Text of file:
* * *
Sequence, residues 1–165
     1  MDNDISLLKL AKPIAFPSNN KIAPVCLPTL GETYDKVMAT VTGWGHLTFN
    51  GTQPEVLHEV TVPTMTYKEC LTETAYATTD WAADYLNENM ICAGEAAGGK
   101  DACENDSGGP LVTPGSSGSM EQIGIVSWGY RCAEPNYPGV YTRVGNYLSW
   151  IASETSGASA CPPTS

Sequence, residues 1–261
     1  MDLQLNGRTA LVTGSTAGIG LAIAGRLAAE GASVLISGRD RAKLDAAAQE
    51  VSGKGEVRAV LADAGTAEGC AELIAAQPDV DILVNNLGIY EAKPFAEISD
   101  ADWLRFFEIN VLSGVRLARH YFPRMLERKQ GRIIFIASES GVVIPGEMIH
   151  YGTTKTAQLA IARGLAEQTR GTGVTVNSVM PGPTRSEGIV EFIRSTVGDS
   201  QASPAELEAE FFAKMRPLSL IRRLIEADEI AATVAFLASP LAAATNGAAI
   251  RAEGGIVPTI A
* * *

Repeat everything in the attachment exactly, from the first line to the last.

Sequence, residues 1–165
     1  MDNDISLLKL AKPIAFPSNN KIAPVCLPTL GETYDKVMAT VTGWGHLTFN
    51  GTQPEVLHEV TVPTMTYKEC LTETAYATTD WAADYLNENM ICAGEAAGGK
   101  DACENDSGGP LVTPGSSGSM EQIGIVSWGY RCAEPNYPGV YTRVGNYLSW
   151  IASETSGASA CPPTS

Sequence, residues 1–261
     1  MDLQLNGRTA LVTGSTAGIG LAIAGRLAAE GASVLISGRD RAKLDAAAQE
    51  VSGKGEVRAV LADAGTAEGC AELIAAQPDV DILVNNLGIY EAKPFAEISD
   101  ADWLRFFEIN VLSGVRLARH YFPRMLERKQ GRIIFIASES GVVIPGEMIH
   151  YGTTKTAQLA IARGLAEQTR GTGVTVNSVM PGPTRSEGIV EFIRSTVGDS
   201  QASPAELEAE FFAKMRPLSL IRRLIEADEI AATVAFLASP LAAATNGAAI
   251  RAEGGIVPTI A